So if you haven’t seen the article on the mainpage, Melissa Click (“I need muscle” professor from MU) was fired. It seems like 90% of the people are asking why this is such a big deal, that her firing seems reasonable. My problem with this standpoint is it misses a very important factor in why Click was fired.

Full disclosure: I do know Click, not well, and haven’t talked to her since the incident, but this isn’t just some random person to me.

This article does a decent job of giving a full background of everything. While most of the country has lost focused on Mizzou since protest have died down a bit Click’s employment has been headlining local news for some time now. This is because state lawmakers have been threatening Mizzou’s budget unless they fire Click.

From Chronical:

In January, 117 state lawmakers signed a letter calling for her termination. Ms. Click’s university colleagues countered with a letter of support for the embattled professor signed by more than 100 faculty members.

The standoff continued in February. A top state lawmaker this week threatened $7.7 million in budget cuts for the University of Missouri system, including a $400,000 cut for the flagship campus: the equivalent of the combined salaries of Ms. Click, her department chair, and her dean. (The student who had filmed Ms. Click at the protest asked legislators to stop using the video as a pretext for cuts.)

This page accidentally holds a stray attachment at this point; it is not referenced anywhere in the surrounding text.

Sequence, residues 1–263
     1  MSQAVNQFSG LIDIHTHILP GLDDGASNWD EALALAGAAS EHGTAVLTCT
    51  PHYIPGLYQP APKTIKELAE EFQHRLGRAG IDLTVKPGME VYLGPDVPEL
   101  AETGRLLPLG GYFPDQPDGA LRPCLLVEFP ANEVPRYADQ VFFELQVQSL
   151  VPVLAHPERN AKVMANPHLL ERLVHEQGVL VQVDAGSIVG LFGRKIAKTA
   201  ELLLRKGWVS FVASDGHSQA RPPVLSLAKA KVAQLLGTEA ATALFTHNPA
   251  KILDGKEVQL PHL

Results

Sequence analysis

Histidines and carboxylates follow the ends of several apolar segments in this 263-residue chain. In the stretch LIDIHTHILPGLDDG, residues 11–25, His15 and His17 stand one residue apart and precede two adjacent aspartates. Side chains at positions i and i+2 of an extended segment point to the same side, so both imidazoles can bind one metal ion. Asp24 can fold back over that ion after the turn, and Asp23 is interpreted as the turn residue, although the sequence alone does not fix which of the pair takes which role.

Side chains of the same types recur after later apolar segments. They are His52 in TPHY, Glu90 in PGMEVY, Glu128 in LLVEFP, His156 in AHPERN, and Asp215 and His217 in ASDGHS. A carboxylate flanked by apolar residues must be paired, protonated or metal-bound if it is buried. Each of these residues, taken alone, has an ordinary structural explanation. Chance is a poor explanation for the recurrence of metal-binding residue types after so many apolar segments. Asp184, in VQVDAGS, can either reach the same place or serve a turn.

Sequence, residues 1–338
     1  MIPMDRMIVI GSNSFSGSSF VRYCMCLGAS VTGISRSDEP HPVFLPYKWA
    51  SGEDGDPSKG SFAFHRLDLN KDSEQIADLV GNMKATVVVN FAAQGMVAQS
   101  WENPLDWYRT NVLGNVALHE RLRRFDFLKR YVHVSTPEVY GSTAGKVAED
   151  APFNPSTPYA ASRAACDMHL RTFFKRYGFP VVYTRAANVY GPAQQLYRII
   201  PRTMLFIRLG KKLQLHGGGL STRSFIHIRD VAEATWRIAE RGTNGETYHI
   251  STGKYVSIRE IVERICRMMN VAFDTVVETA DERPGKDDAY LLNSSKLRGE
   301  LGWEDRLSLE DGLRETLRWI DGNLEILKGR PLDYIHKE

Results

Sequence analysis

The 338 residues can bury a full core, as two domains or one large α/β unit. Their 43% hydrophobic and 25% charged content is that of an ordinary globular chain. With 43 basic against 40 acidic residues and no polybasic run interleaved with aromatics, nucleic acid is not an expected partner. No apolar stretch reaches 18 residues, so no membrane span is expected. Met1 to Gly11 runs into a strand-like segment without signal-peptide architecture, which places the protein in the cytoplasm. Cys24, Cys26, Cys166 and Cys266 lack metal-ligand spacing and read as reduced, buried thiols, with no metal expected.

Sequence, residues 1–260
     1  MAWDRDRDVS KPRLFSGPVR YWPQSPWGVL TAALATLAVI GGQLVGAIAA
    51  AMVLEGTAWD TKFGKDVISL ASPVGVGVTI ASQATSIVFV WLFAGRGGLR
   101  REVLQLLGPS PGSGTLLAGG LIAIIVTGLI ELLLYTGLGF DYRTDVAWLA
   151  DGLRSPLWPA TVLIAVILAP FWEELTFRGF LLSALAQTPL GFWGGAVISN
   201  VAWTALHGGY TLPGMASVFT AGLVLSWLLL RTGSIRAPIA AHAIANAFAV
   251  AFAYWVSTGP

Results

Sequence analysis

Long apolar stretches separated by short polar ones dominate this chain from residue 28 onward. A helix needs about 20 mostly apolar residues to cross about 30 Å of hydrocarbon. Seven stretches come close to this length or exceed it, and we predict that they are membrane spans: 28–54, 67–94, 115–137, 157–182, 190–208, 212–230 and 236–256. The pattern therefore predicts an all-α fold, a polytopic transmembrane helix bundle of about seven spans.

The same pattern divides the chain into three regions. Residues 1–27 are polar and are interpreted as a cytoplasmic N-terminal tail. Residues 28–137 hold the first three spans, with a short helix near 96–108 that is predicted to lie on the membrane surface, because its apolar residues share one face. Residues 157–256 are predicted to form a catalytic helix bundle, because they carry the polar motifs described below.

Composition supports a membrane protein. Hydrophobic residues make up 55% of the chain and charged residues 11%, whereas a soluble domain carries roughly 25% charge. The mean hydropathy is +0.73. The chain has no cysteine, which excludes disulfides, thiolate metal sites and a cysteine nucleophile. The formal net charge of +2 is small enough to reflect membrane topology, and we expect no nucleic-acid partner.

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State lawmaker are trying to have say over university’s personnel. They are opening threatening to take away much needed funding, risking students’ education along with thousands of job over Click’s employment status. Lawmaker are doing the same thing they accused student athletes of doing by risking financial damages to the university to prove a point. Ironically, the same lawmakers wanted to revoke all scholarships to the students when they took a stand. I don’t need to go into the difference of students holding protest over continuous and ignored racism versus lawmakers (you know the government) denying funding to Mizzou over an employment issue.

Thanks to the Missouri’s lawmakers, Click was denied due process. She was terminated by the board, not through usual channels.

Faculty leaders at the university were upset by the board’s decision to take Ms. Click’s fate into its own hands. In a letter last month, the Faculty Council on the flagship campus asked the board to back off and let the university judge Ms. Click’s actions according to a procedure, spelled out in its bylaws, that was designed to “protect the rights of accused faculty while also protecting the university’s interest in identifying and responding to faculty irresponsibility.”

Faculty leaders on the university system’s other campuses this week endorsed that position. The American Association of University Professors has also weighed in, expressing concern that Ms. Click was being denied due process.

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I’m not sure I disagree with Click being fired, though I do think it is a bit extreme, but I am 100% against how this process happened.